James Khong has experienced many things during his 73 years, but one of the things he is most enthusiastic about is living in Melbourne’s CBD.
Dr Khong has lived at the Queen Victoria Centre for the past decade and has just opened a new medical clinic in nearby Lonsdale St.
But don’t be fooled into thinking that he’s too old. The medico is lucid, lean and radiates life.
“I practise what I preach,” he said. This means good nutrition, meditation and exercise.
And if you think that’s just a bunch of well-meaning words, consider this: James’s mum Chong Chiew Ying is 100-years-old and is happily living with 100 per cent of her mental facilities in Blackburn.
Dr Khong wants to give. In particular, he wants the CBD to be a healthy place to live and says that his is the only after-hours medical clinic. He says he is always available on call (see his ad in page X in this edition of CBD News).
He is a western trained medical doctor with an appreciation of the well being benefits of more alternative practices such as massage, yoga and meditation.
He particularly believes that after hours facilities are needed for students and visitors to Melbourne.
Dr Khong came to Melbourne as a boy many years ago from his native Malaysia and boarded Melbourne Grammar before going on to graduate in medicine from Monash University in 1967.
Since then he has had a full career including directing emergency departments at Preston/Northcote, the Austin and Epworth hospitals and general practice at both Phillip Island and South Melbourne.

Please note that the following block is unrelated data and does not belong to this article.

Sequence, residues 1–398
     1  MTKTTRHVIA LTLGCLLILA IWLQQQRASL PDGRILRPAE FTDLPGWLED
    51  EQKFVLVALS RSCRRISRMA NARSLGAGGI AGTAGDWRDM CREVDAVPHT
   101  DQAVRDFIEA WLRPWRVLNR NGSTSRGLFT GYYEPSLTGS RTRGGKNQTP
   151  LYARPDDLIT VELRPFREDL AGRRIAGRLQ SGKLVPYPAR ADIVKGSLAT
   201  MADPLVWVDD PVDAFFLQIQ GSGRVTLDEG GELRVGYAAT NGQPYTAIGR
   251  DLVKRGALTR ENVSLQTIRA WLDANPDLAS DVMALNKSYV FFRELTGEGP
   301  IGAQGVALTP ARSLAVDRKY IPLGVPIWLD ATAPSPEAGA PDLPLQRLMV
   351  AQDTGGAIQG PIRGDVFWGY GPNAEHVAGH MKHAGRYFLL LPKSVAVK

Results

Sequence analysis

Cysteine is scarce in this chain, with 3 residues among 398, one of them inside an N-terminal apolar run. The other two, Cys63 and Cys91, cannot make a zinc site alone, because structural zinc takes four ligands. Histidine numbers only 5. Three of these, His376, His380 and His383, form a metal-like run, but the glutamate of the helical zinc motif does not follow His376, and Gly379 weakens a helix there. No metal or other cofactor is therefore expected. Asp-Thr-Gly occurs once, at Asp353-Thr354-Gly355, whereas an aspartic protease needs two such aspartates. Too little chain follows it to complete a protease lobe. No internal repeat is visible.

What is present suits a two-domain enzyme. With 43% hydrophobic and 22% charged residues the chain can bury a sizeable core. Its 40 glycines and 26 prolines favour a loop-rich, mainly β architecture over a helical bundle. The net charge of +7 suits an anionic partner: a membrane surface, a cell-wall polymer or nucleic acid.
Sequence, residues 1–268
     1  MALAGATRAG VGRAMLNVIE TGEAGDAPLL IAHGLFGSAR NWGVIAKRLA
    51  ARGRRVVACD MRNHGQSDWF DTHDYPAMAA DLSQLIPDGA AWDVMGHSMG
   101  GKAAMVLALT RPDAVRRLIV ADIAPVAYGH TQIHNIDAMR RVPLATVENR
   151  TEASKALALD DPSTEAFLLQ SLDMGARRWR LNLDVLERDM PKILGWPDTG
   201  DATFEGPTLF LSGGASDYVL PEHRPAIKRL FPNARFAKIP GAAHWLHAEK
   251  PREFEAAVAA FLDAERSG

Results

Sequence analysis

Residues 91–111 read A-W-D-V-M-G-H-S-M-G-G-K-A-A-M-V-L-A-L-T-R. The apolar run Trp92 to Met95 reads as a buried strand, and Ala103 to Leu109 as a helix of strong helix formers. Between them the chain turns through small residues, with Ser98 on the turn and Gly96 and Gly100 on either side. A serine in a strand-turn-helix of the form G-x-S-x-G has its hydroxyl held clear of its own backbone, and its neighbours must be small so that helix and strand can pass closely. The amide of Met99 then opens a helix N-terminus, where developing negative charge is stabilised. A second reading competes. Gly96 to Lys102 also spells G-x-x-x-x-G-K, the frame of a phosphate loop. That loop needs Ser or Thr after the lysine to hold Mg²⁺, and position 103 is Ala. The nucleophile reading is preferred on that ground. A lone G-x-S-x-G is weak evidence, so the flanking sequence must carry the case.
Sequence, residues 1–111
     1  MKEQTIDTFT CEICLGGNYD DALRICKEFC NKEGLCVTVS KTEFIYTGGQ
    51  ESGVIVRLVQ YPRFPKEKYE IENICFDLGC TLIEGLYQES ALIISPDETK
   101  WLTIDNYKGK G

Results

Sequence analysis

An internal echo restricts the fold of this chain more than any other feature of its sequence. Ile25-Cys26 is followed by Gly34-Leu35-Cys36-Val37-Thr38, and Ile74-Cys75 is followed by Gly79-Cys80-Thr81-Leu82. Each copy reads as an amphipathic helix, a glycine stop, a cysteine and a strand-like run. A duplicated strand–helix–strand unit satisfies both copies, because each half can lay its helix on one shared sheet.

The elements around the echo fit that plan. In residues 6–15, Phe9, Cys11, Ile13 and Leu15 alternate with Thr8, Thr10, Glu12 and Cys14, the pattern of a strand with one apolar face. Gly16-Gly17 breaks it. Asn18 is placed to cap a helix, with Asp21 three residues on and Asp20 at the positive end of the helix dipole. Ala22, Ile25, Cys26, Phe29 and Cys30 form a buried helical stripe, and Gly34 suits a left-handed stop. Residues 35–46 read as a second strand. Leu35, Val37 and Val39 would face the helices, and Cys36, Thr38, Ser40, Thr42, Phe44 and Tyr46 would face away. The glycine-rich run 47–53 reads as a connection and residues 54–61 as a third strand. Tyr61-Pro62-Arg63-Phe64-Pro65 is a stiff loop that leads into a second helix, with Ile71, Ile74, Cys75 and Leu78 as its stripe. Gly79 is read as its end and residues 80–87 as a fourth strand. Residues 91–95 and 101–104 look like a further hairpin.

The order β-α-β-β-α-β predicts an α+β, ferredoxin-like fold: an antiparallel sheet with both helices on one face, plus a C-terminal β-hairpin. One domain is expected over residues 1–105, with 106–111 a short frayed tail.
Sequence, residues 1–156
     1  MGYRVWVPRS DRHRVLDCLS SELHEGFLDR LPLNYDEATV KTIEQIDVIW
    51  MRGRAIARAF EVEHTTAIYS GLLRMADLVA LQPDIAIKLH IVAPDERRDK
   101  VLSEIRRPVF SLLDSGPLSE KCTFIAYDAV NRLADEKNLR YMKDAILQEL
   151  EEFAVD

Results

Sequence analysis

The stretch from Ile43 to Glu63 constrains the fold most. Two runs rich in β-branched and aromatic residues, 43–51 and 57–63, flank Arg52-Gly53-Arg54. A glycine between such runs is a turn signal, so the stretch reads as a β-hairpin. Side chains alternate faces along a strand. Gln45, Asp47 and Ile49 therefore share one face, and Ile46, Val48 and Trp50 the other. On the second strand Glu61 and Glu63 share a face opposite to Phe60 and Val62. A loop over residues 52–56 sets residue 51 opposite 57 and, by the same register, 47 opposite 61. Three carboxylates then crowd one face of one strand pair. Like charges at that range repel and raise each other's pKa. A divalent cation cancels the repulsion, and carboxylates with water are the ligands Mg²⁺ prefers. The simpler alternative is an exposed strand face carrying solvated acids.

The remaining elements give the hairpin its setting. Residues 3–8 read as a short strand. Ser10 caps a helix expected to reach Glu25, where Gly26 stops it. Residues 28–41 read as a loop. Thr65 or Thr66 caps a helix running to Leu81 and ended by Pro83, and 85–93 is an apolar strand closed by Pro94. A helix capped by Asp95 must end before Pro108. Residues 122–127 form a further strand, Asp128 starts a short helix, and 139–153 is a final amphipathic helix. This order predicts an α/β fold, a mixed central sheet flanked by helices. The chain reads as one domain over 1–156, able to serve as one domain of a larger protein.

Never one to stay too long on the same things, he also has a keen interest in the arts and has combined this passion with medical services to the Australian Ballet and the Victorian College of the Arts.
“I think I’ve got a bit of gypsy in my genes,” he said.
However, he is very settled in the CBD and just loves the buzz.
“It’s very lively around here with so many students and restaurants. You can see the whole city changing in front of your eyes,” Dr Khong said.
“They say Melbourne is the best city in the world and I totally agree.”
And, while he loves the growth, he is very concerned that residential amenity does not appear to be keeping pace with the population growth.
“I’d like to see more open space and public venues for leisure and entertainment,” he said.
He said the city needed more pocket parks and small gardens.
“I envisage a little stage where buskers compete in front of the public and the performer with the most public applause is the winner. I’d be happy to donate the first prize!”
And he also suggests gym equipment at tram stops so commuters can do some chin-ups while waiting for their tram.
Dr Khong has an infectious zest for life which, in part, stems from a serious illness 10 years ago which almost killed him.
He says western medicine saved him, but eastern practices sustain him.
While he regularly prescribes drugs to patients, the real prescription, he says, is wisdom and advice about how to live a full and meaningful life.
“While I was recovering from my illness, I had to hang on to something deeper and stronger to survive,” he said.
“I consider myself my lucky to be here. My purpose is to now give back what I have learned.”